It is critical to challenge these biases to remain open-minded and become a better problem solver, which is all the more important in today’s complex and fast-changing world.

Intellectual Humility for Understanding

It remains just as important to retain a sense of intellectual humility to better benefit from fully comprehending someone else’s point of view, involving the need to recognise in yourself any shortfall of knowledge pertaining to an issue or subject. Of equal significance is your ability to admit mistakes without any nagging sense of embarrassment. So when approaching a situation with humility opens up possibilities for insight, growth and learning. Why should this be? Well, it releases you from any preconceived notions about any or all aspects of the process. As an analyst, it is paramount never to hide mistakes or deny that you may be wrong. This tends to not usually end well, so keeping an open mind is still easily the best course of action. In military circles, such a mindset can result in deaths and missed strategic opportunities. This is another article surrounding this subject.

Strategies for thinking like an intelligence analyst 

One can adopt many strategies to think and act like a high-performing analyst. The main strategies are as follows: 

  • Develop critical thinking skills through practice and learning. This helps you question assumptions and seek evidence before forming conclusions about something. 
  • Engage in meaningful conversations with others to gain insight into their point of view. Further, allowing you to grow by understanding different perspectives than your own.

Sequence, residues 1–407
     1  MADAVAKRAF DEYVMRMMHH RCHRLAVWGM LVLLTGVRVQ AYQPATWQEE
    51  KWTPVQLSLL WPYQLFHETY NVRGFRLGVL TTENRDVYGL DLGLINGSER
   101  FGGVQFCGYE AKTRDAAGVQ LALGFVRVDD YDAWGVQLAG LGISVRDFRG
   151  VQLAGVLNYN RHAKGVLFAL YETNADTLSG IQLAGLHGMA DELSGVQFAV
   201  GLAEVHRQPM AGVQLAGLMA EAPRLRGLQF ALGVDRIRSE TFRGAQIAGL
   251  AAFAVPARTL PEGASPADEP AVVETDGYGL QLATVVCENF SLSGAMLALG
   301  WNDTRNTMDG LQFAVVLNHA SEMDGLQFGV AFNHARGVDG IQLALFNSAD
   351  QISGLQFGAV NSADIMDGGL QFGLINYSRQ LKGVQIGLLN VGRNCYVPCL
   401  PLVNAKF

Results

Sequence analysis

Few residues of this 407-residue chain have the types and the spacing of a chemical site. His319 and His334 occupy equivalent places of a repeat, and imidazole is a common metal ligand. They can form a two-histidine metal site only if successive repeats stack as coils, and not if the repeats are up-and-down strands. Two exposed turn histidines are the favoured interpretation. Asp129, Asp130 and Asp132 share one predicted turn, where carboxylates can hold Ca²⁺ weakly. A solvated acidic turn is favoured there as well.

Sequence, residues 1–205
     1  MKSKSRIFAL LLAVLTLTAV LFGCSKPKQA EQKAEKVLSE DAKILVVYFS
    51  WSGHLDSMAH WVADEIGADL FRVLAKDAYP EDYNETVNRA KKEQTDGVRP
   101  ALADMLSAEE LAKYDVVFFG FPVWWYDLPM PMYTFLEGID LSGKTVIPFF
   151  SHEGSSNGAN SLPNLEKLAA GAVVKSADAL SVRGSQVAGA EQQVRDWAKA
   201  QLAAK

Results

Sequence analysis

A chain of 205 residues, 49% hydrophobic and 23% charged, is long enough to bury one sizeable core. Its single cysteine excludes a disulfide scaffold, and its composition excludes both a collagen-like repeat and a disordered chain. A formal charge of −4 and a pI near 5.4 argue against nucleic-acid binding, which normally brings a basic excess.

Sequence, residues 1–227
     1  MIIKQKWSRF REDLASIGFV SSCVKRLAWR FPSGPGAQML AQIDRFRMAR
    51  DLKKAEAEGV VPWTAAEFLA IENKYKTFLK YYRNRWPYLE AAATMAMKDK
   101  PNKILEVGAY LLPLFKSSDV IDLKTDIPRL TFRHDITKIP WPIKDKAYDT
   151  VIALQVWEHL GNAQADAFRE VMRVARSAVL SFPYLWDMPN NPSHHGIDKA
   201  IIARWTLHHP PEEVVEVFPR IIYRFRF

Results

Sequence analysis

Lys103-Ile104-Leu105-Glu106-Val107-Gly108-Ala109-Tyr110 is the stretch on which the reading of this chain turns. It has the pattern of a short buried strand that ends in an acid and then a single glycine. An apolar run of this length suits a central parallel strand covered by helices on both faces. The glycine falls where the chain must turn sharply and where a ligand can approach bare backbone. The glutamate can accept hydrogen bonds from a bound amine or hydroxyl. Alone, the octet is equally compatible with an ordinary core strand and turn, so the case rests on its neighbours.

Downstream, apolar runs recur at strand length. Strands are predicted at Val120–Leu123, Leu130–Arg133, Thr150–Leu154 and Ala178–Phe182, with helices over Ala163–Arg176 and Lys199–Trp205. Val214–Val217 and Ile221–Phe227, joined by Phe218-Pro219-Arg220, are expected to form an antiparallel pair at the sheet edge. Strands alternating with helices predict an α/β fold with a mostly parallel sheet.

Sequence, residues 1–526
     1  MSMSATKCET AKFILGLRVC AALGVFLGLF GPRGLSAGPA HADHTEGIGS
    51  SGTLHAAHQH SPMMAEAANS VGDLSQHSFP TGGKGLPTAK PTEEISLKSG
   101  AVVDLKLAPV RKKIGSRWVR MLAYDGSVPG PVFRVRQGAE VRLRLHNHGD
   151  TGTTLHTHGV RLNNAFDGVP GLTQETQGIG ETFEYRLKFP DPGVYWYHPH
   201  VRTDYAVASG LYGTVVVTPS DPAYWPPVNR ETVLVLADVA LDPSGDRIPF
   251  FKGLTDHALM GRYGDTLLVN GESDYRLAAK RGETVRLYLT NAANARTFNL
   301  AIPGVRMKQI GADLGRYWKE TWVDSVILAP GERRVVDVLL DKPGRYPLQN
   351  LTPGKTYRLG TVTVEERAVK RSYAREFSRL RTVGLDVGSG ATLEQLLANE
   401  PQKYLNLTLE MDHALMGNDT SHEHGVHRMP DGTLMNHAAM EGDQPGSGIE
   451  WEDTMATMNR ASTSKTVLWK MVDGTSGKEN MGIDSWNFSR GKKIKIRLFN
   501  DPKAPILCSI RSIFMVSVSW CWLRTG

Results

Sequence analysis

• Questioning your own beliefs helps identify any false assumptions that may have been made. Allowing you to recognise potential errors in your way of thinking so they can be corrected moving forward.

Being wrong is, of course, a natural part of life, and it is healthy not to fear it. Smart people tend to recognise this and embrace those inevitable times where being wrong is an opportunity for advancement and growth, understanding that mistakes are simply part of the journey to success. One has to be courageous with the confidence to learn from events and circumstances. With each step taken, seek to take away something valuable towards betterment. Developing greater resilience and having an open mind for new ideas will exponentially deliver results. It is also provident to accept in good spirits that being wrong can itself be a virtue that helps propel future pathways to success.

How to embrace wrongness is a critical skill

Be mindful and diligent, though, to remember that it is important not to too critical if a colleague or partner makes a mistake in judgement or interpretation. Being a good Listener as to how they came to their conclusions and allowing them to learn from it will always pay dividends. Keep in mind that training may be required if mistakes become more frequent. Take as much responsibility as they do for the circumstances and work together to fix and improve the environment, systems or practices to assist them better.

By having the courage to challenge assumptions and dig deeply into research while being open-minded towards new ideas will always force multiply your ongoing success.

How to embrace wrongness within competitive intelligence to help your thinking skills

In conclusion, adopting a ‘Jack Ryan’ mindset and thought process demands open-mindedness towards new information and ideas, even (or especially) if they challenge current beliefs. Knowing how people typically react when presented with something unfamiliar and recognising cognitive biases that prevent us from accepting things that contradict our viewpoint will enable solid progress to be enjoyed. Undoubtedly the willingness to embrace intellectual humility to understand other perspectives and viewpoints is paramount. Remember, whilst doing so, to allow room for growth and constantly practice the development of critical thinking skills and awareness. By applying these key elements, anyone can think and operate like an analyst.